The Government has recently announced measures to prevent directors from incurring personal liability from wrongful trading during the COVID-19 outbreak. On the face of it, directors will be able to continue to trade with impunity but this article explains that this may not be the case.
Following the announcement of the income support measures, the Government has clarified that directors whose remuneration is subject to PAYE (as opposed to remuneration being drawn by a self-employed director) may be furloughed under the newly-announced Coronavirus Job Retention Scheme. But what does that really mean?
In the past few weeks we have seen coronavirus spread throughout the UK wreaking havoc on businesses in its wake. Staff have been forced into lockdown, furloughed or required to work from home. Transport has been interrupted and supplies that we would usually take for granted, have been restricted. So, were you ready?
With the involuntary closure of many businesses forced by the UK wide lockdown, previously successful companies are beginning to feel the strain, becoming more and more concerned with the future viability of their businesses.
Following Royal Assent of the Finance Bill 2019/20, directors, LLP members, shadow directors and other persons involved in a Company’s, or an LLP’s, tax avoidance, evasion or repeated non-payment of taxes/phoenixism will be jointly and severally liable for the business’s outstanding tax liabilities if the business becomes insolvent or potentially insolvent.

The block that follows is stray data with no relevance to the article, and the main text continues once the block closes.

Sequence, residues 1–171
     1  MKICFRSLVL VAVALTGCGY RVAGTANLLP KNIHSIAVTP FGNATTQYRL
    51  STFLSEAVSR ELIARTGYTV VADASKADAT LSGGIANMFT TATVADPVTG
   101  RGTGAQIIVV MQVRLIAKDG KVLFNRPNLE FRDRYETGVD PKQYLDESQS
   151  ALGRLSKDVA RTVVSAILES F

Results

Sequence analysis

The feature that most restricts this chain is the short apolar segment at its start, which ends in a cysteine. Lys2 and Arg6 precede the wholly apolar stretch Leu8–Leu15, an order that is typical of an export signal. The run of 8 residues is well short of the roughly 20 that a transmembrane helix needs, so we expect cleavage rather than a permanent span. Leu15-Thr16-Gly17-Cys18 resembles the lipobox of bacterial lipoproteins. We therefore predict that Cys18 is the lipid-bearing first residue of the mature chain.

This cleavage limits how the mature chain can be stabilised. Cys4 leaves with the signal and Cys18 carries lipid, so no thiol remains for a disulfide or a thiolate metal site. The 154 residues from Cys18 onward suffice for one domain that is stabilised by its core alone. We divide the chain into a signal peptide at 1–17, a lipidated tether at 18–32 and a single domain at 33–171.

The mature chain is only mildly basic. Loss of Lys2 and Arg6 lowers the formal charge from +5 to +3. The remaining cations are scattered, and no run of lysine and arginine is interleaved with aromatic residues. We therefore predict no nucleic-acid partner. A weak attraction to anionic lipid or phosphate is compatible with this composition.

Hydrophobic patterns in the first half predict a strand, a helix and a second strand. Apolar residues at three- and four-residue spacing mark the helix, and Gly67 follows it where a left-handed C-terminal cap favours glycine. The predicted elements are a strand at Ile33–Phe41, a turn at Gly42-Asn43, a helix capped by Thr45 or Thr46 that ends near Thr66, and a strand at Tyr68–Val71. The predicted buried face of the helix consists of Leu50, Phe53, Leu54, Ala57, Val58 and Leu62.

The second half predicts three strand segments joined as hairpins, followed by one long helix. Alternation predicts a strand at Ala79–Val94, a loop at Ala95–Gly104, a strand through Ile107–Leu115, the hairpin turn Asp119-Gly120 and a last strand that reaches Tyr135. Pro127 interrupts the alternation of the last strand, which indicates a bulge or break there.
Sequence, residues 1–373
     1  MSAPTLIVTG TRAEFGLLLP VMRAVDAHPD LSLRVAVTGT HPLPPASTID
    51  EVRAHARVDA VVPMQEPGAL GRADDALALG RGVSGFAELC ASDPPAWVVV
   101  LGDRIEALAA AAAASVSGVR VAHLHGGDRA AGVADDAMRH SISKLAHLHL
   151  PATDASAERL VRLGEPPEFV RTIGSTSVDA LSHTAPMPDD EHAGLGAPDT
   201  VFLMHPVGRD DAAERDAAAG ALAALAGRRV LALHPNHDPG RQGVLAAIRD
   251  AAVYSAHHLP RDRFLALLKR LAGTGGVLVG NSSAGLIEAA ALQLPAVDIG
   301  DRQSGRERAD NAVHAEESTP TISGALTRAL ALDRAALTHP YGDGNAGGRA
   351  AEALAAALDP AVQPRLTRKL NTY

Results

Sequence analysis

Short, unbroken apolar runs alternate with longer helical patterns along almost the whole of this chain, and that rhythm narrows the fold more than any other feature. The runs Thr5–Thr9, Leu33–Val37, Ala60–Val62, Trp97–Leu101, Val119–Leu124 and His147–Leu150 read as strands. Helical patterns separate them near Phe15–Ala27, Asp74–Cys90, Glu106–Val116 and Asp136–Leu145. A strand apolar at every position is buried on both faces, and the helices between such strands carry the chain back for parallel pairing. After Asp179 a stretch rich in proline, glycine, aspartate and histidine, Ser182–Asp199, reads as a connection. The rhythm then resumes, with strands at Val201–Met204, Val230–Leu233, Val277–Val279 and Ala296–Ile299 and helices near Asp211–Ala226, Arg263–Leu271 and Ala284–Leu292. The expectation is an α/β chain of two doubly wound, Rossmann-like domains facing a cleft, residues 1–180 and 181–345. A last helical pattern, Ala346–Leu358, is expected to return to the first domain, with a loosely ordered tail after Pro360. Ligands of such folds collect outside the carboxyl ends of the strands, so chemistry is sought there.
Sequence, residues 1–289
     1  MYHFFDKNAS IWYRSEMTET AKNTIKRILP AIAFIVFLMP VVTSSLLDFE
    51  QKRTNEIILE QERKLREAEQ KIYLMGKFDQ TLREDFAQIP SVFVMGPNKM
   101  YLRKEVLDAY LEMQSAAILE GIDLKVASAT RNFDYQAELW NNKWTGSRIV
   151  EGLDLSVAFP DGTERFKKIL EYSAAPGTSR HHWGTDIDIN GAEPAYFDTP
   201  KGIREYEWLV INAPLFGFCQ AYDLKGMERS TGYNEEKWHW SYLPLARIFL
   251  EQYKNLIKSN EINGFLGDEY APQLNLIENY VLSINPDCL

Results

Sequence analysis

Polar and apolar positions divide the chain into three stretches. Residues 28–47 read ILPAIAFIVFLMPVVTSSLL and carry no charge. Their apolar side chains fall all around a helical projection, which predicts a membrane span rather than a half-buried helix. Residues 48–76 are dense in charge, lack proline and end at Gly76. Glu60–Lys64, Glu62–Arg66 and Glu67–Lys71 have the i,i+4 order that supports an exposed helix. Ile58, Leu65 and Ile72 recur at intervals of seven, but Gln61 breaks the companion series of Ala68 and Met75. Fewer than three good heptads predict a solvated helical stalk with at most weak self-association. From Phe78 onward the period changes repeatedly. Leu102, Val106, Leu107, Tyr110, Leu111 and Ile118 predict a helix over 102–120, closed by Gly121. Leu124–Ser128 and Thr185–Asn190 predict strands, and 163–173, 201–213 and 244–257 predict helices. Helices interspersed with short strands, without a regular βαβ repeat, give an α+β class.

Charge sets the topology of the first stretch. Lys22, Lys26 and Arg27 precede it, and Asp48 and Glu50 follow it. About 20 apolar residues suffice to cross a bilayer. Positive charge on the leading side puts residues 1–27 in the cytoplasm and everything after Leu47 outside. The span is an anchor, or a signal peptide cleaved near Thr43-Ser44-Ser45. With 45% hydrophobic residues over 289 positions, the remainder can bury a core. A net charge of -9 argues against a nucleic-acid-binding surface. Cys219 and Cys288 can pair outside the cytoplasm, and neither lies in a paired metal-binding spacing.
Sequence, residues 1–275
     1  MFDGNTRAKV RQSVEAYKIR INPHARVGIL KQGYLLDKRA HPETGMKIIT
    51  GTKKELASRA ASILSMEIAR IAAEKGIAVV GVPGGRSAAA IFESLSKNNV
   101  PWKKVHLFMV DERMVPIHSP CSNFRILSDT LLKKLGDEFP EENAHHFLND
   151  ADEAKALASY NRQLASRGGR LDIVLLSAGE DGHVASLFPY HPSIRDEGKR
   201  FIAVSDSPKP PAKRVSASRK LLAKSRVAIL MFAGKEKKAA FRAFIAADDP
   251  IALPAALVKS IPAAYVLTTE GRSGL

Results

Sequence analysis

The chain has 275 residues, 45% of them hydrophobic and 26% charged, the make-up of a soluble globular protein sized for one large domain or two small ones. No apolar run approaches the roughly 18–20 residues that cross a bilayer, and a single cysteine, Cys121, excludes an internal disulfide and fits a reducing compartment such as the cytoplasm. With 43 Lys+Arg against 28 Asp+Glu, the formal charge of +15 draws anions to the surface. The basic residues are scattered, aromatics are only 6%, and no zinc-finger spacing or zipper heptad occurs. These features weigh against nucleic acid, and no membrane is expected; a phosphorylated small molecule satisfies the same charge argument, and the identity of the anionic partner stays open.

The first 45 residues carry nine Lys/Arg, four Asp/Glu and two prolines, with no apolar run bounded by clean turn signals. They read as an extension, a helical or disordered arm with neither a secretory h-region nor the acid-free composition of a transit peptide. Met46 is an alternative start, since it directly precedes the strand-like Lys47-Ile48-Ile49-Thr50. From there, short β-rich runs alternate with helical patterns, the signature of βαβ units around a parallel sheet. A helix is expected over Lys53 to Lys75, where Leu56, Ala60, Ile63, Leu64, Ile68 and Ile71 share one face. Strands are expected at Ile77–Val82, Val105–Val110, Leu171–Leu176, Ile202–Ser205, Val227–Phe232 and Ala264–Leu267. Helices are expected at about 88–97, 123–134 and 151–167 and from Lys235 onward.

The majority of businesses operate a director’s loan account (“DLA”) to enable a director to extract credit from the Company which is not a problem during the normal trading of a solvent Company. DLAs can also be used to allocate expenditure by the Company for the benefit of directors and vice versa.
When directors are facing the distress of placing their company into an insolvency procedure it seems ludicrous to then insist upon payment for the service. Cash flow is difficult, business assets are no longer at your disposal, and the interests of creditors is paramount. But there is a method of voluntarily liquidating an insolvent company, essentially for free, if you meet the qualifying conditions.
Crown preference for most taxes was abolished in 2003 following the introduction of the Enterprise Act because it was considered to be unfair to other creditors.